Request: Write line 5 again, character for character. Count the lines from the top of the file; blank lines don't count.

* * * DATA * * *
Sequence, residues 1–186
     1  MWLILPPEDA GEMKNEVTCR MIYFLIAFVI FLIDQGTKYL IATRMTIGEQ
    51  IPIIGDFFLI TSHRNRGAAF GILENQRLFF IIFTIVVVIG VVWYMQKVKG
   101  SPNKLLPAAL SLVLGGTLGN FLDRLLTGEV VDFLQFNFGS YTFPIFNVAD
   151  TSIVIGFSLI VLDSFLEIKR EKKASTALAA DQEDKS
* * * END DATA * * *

   151  TSIVIGFSLI VLDSFLEIKR EKKASTALAA DQEDKS